Thursday, June 7, 2012

All in your mind, even with weights.....

I've previously pointed to the research of Dr Marcora with his psychobiological theories of fatigue.  I also highlighted Noakes paper on the role of the brain in fatigue. 

All that research seemed to focus on endurance exercise but it was interesting to see Alex point to new research that indicates that there are similar ideas at play with respect to lifting weights. 

What I thought was neat about the study was the distinction between "peripheral" and "central" fatigue: the former is the reduced ability of your muscle itself to contract, and the latter is a reduction in the signal from your brain to your muscle demanding contraction. If you pick up a heavy (above critical torque) dumbbell and lift it until you can't anymore, the limiting factor appears to be peripheral fatigue. Your muscles are simply no longer capable of contracting powerfully enough to lift the weight. In contrast, if you lift a lighter (below critical torque) dumbbell to failure, your muscles themselves fatigue to a much lesser extent, suggesting that fatigue somewhere in your brain or central nervous system is the problem.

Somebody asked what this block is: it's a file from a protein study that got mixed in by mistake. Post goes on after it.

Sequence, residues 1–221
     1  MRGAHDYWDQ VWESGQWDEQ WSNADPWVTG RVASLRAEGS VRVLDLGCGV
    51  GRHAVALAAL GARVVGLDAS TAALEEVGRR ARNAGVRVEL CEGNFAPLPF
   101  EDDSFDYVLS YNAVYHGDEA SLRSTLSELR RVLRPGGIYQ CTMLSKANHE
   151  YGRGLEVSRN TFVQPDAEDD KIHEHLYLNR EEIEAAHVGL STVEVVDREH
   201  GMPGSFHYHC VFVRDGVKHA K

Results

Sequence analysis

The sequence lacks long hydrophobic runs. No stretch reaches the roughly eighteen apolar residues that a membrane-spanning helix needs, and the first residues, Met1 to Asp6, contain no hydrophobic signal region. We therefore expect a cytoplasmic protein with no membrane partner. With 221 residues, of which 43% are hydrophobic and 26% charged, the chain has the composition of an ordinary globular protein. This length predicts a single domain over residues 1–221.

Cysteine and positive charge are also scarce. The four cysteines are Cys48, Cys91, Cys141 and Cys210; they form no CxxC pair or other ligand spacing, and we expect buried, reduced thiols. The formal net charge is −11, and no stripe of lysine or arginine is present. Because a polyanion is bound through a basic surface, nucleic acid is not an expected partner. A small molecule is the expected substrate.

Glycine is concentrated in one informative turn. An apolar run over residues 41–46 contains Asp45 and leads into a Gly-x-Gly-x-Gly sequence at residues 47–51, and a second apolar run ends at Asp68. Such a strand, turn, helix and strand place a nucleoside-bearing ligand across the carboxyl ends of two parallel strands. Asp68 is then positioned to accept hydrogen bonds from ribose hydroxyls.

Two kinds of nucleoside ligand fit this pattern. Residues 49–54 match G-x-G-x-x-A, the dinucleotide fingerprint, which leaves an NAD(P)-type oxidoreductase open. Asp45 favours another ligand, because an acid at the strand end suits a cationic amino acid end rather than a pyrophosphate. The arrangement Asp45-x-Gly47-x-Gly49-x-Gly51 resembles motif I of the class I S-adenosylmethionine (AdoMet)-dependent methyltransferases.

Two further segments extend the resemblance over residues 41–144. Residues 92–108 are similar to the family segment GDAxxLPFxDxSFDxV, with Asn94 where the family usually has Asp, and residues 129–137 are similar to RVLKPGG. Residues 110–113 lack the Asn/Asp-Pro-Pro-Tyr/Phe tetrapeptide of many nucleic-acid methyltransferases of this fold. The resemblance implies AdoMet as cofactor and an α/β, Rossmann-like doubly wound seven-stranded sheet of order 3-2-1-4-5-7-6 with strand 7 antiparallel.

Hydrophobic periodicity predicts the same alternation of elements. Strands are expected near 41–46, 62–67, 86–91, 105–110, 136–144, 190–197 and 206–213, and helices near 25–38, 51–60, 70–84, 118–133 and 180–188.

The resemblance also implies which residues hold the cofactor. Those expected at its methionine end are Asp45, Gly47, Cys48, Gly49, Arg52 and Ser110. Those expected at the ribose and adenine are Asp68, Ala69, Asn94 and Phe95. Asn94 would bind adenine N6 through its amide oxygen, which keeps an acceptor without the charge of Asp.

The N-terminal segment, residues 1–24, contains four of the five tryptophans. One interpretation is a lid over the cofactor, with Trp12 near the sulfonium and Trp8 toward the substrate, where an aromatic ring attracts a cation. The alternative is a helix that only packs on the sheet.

The study is Distinct profiles of neuromuscular fatigue during muscle contractions below and above the critical torque in humans.

1 comment:

JamesSteeleII said...

Its certainly interesting with regards to thinking about the potential mehcnisms involved in stimualating adaptation, though its relevance with regards to application seems negligible.

If different loads taken to failure do not produce different strength gains then this paper might provide more insight as to what the underlying mechanism common between both failure under a high load and failure under a light load are. I look forward to getting hold of a copy of the full text.